Owner assessment in judging the efficacy of airway disease treatment

Gerber, V.; Schottli, H.C.; Robinson, N.E. (2011). Owner assessment in judging the efficacy of airway disease treatment. Equine veterinary journal, 43(2), pp. 153-8. Oxford: Wiley-Blackwell 10.1111/j.2042-3306.2010.00156.x

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REASONS FOR PERFORMING STUDY: Efficacy of medications for recurrent airway obstruction is typically tested using clinical, cytological and lung function examinations of severely affected animals. These trials are technically challenging and may not adequately reflect the spectrum of disease and owner complaints encountered in clinical practice. OBJECTIVE: To determine if owners of horses with chronic airway disease are better able to detect drug efficacy than a veterinarian who clinically examines horses infrequently. METHOD: In a double-blinded randomised controlled trial, owners and a veterinarian compared the efficacy of dexamethasone (0.1 mg/kg bwt per os, q. 24 h, for 3 weeks; n = 9) to placebo (n = 8) in horses with chronic airway disease. Before and after treatment, owners scored performance, breathing effort, coughing and nasal discharge using a visual analogue scale (VAS). The clinician recorded vital parameters, respiratory distress, auscultation findings, cough and nasal discharge, airway mucus score, bronchoalveolar lavage fluid (BALF) cytology and arterial blood gases. RESULTS: The VAS score improved significantly in dexamethasone- but not placebo-treated horses. In contrast, the clinician failed to differentiate between dexamethasone- and placebo-treated animals based on clinical observations, BALF cytology or endoscopic mucus score. Respiratory rate (RR) and arterial oxygen pressure (PaO(2)) improved with dexamethasone but not placebo. CONCLUSIONS AND CLINICAL RELEVANCE: In the design of clinical trials of airway disease treatments, more emphasis should be placed on owner-assessed VAS than on clinical, cytological and endoscopic observations made during brief examinations by a veterinarian. Quantifiable indicators reflecting lung function such as RR and PaO(2) provide a good assessment of drug efficacy.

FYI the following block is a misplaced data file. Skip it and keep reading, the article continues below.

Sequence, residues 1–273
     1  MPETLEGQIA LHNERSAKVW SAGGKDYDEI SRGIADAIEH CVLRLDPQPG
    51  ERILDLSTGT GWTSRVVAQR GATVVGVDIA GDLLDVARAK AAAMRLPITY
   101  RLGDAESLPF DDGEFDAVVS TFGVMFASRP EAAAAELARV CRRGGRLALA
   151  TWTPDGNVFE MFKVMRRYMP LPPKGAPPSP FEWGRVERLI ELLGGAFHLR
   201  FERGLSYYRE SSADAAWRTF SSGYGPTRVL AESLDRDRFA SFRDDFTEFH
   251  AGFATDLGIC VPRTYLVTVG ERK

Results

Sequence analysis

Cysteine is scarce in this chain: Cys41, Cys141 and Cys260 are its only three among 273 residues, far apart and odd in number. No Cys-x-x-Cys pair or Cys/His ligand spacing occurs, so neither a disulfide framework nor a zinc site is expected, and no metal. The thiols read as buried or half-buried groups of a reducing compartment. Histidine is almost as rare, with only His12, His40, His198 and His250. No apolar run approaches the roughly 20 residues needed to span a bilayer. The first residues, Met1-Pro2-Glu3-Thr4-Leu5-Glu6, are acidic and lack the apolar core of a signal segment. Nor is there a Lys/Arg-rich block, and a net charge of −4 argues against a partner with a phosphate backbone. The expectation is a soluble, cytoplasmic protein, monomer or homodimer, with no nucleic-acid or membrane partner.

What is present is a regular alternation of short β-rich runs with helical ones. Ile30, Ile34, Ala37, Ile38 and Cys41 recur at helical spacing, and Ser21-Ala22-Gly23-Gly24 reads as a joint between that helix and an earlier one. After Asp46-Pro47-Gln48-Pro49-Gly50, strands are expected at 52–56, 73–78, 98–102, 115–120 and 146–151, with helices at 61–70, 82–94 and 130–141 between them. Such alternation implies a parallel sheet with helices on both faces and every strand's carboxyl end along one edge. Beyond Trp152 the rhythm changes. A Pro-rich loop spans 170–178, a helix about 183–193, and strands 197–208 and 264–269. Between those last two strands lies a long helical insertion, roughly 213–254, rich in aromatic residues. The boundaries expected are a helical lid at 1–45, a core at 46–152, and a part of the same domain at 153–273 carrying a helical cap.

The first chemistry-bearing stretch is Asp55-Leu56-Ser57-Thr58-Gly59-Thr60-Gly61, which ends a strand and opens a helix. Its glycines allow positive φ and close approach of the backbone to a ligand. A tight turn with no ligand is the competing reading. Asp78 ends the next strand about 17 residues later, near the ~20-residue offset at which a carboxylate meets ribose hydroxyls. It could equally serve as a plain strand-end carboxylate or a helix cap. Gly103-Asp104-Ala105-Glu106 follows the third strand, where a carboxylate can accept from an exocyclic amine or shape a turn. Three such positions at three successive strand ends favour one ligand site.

Item Type:

Journal Article (Original Article)


05 Veterinary Medicine > Department of Clinical Veterinary Medicine (DKV) > Equine Clinic

UniBE Contributor:

Gerber, Vinzenz








Factscience Import

Date Deposited:

04 Oct 2013 14:31

Last Modified:

21 Jan 2014 15:05

Publisher DOI:


Web of Science ID:



https://boris.unibe.ch/id/eprint/12024 (FactScience: 218297)

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